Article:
Just two weeks ago, Mineral Resources and Energy Minister Gwede Mantashe was being lauded for bringing employers Sibanye-Stillwater, the Association of Mineworkers and Construction Union and the National Union of Mineworkers of SA to the negotiating table to try to settle their wage dispute, which had been dragging on for three months.
Gold operations at the mine have ceased, while mine workers are struggling under the no work, no pay rule. That nothing came out of the platform he created was not Mantashe’s fault, as both parties appear driven by a high level of intransigence.
But, just a week later, the real Mantashe came out of his shell. Reacting to Sibanye CEO Neal Froneman’s comments that the company could withstand a strike for years if need be, Mantashe last week suggested that his department could cancel the company’s mining rights because it appears disinterested in using them. Section 47 of the Mineral and Petroleum Resources Development Act gives the minister power to suspend or cancel rights, permits or permissions in certain circumstances.
Tough engagement is all well and good, but threatening to unilaterally withdraw a legally obtained mining licence is out of order. It is also particularly bad at a time when government is trying to inspire domestic and foreign investor confidence.
But we must also frown on Froneman’s arrogant attitude that the mine has the ammunition to sit out the strike. It was insensitive and showed disregard for thousands of mine workers who are trying to look after their families.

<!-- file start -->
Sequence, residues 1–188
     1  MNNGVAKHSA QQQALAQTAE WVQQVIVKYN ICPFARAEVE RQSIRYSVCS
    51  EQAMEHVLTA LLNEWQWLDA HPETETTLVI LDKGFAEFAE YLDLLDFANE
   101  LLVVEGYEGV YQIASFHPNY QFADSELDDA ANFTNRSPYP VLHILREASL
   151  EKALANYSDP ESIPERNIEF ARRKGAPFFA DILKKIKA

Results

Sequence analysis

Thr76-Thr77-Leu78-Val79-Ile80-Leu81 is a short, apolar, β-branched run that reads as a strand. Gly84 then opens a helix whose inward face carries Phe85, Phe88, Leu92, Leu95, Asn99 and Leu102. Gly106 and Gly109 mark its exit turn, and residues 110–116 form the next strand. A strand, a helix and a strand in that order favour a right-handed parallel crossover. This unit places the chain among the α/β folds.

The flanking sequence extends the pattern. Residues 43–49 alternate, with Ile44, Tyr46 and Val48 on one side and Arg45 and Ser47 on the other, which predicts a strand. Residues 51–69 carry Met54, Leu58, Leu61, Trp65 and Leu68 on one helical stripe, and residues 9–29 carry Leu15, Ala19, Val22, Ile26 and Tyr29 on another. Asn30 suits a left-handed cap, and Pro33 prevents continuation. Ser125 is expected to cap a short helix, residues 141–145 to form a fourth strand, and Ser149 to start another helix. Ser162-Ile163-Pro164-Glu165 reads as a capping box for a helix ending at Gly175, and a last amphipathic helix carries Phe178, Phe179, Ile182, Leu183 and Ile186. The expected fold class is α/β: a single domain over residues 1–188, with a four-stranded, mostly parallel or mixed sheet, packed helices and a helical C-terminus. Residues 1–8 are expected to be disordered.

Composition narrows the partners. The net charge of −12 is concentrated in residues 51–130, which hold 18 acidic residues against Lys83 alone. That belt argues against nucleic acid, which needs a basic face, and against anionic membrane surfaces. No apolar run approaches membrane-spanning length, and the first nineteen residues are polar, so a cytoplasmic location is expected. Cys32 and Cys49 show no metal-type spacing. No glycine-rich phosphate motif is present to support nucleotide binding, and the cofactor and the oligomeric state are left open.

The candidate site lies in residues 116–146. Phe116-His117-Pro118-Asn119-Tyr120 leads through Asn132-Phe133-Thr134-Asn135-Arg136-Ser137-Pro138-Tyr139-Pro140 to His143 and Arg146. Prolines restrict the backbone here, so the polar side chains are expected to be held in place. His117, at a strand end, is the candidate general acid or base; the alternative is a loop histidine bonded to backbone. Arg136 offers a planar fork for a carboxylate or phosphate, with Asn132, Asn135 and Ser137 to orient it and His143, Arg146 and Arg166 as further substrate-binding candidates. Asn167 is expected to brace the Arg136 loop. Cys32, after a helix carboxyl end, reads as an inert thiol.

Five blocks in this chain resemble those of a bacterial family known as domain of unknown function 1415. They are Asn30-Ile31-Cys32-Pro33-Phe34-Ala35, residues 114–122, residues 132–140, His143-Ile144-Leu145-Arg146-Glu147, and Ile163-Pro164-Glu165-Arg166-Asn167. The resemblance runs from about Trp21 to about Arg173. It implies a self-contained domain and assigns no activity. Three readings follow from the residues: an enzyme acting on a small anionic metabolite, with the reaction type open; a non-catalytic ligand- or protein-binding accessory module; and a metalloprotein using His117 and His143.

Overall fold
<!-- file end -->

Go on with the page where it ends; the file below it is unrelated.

We don’t know if Mantashe was bluffing or if he meant what he said, but the mine workers’ unions took him at his word and are now calling on him to carry out his threat. As if he had not done enough damage already, Mantashe bombastically told the Minerals Council that executives should not speak about the ills of the country and must consider the message negative utterances send to ratings agencies.
South Africa is a constitutional democracy. Such threats to shut down free speech have no place in this country. Mantashe should focus on fixing the problems in the mining sector instead of censoring comments about them. He serves in President Cyril Ramaphosa’s Cabinet, but appears to run his own show with his own rules. He is a maverick who imagines he lives in a dictatorial state where he is the judge, jury and executioner. Ramaphosa must rein him in before he causes more damage.